True Crime

//True Crime
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  • Australia has had its fair share of murders - the grisly, the macabre, the humdrum, the unsolved and the controversial. Men have been hanged who perhaps should never have been convicted; men have gone free who perhaps should have been found guilty.  Just the chapter headings alone are enough to entice the reader: The Crimson Feather; Roadside Nightmare - the murder of a courting couple by William Moxley; The Pyjama Girl case, still unsolved to this day; The Walking Corpse ( dubbed the 'Mutilator Murders') and more.
  • The author took a job in an Australian prison because - well, he needed a job, and any job would do.  What had been a stop gap became and all-absorbing preoccupation with the problem of men in prison. One day, he was asked if he remembered the Greek bloke who had killed his wife with half a house brick.  He couldn't remember the particular Greek - and he realised that over the seven years of his employment there, that the stone and steel had crept into his heart to the extent that a man who had killed his wife with half a house brick had left no impression on him.  In search of what beliefs and values he had left to him after prolonged exposure to the brutality, cynicism and despair of a big maximum-security prison, the author examines his experiences, not as a psychologist, but as a man whose profession is psychology. In the process, comes to several important conclusions.
  • Armed robbery, murder, lies, treachery, 'confession' and legal tangle that ended in a sensational trial, followed by three executions - all the ingredients of a callous crime committed on the New Zealand goldfields in 1866. A gang of brutal Londoners - Richard Burgess, Tom Noon (Noonan), Joseph Sullivan and Phil Levy waylaid five gold-laden prospectors on a lonely track on Maungatapu ('Sacred Mountain'), killed them and hid the bodies before going on a spree. The prospectors were missed, and suspicion fell on the four. Hoping for a free pardon, Sullivan 'dobbed' on his mates and Burgess wrote a confession but implicated Sullivan. Clune traces the lives of the four and shows the influences played such an important role in shaping their twisted lives - the overcrowded Thames-side slums created by the Industrial Revolution, the laws that punished rather than reformed, the rotting prison hulks, the transportation system and the mental cruelty in the prisons of the day.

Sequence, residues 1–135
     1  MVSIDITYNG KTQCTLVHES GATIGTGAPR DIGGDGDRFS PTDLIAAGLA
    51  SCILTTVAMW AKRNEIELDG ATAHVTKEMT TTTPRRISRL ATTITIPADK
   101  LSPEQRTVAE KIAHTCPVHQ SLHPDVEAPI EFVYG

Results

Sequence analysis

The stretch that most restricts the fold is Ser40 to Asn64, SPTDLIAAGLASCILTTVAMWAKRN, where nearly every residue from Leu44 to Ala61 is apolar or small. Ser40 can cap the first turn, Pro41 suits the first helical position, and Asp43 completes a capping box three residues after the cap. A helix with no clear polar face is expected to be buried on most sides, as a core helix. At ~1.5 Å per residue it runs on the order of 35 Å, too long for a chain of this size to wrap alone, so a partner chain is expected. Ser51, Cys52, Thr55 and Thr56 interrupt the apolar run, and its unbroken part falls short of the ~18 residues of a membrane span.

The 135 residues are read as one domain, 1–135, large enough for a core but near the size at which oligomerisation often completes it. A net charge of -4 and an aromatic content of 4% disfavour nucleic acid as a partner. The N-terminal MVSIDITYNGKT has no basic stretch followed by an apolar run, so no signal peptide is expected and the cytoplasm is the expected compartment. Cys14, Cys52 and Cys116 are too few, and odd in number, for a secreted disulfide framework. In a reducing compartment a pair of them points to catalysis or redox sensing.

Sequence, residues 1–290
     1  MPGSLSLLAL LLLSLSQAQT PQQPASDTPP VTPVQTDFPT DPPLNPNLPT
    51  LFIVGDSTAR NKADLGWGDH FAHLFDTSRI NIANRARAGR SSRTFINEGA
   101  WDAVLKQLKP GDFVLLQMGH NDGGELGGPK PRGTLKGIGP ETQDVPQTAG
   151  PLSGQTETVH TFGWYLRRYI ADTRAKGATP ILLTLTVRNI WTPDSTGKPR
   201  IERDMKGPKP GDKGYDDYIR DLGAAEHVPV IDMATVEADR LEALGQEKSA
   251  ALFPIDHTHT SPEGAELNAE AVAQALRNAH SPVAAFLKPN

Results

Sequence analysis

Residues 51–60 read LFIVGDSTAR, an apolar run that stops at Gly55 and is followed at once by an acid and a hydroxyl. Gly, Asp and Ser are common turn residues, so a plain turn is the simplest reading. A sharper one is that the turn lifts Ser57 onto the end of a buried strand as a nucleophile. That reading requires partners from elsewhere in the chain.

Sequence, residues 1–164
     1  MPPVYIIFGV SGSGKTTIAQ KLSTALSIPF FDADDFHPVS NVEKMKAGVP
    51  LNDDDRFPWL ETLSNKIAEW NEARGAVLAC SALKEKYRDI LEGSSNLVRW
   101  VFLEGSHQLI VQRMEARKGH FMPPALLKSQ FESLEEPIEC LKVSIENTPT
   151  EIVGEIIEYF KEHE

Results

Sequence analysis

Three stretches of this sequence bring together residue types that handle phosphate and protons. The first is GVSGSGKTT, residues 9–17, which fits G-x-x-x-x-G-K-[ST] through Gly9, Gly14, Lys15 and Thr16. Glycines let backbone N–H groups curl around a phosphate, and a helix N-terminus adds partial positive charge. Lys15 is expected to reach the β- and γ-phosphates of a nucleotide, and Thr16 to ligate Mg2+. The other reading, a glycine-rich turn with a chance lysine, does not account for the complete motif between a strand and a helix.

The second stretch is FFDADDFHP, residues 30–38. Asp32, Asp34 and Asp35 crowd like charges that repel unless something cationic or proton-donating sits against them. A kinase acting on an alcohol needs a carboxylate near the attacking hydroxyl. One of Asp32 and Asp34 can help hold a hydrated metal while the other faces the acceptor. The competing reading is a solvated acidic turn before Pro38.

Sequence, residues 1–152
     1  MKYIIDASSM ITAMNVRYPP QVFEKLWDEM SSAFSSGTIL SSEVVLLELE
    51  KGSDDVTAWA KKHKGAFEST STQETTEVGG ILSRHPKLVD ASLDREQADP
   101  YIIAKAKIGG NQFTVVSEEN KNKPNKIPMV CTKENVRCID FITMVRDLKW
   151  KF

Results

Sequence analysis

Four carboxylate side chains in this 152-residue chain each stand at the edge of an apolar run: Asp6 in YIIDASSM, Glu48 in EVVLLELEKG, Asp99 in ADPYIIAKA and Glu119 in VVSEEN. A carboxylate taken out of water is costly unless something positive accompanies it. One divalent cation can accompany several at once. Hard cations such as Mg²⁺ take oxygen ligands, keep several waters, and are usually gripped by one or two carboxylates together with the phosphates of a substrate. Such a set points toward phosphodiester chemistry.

• The face of crime in Australia has changed considerably over the last several decades and the man to chart those changes is Alan Dower, one of the legendary crime reporters in this country. The baccarat wars raged in Sydney from the 1930s to the 1960s - far longer than the Chicago underworld wars - and no-one knows how many may have been murdered over that time. As the 60s unfolded, the police had to combat new types of crime    -  the Graeme Thorn kidnapping, the disappearance of the Beaumont children and the mysterious Bogle-Chandler deaths. These and more are covered,  as well as insights into the minds of such men as Squizzy Taylor and Frederick Harrison. Illustrated with black and white photographs.
  • Eric Clegg, formerly  His Honour Eric Clegg Q.C. is more than qualified to examine these famous trials and his expert viewpoint reveals many important and often controversial points which arose during the hearings. Cases contained in this volume include: The Kalgoorlie murders of two policemen in 1926, found down a disused mine-shaft; the Passionate Parson, acquitted on a charge of murdering his wife; the Lavers msyery and the Sundown murders; the Pyjama Girl murder; and the fantastic case of T. J. Ley, former Minister for Justice in New South Wales who was eventually convicted for the chalkpit murders. Illustrated with black and white photographs.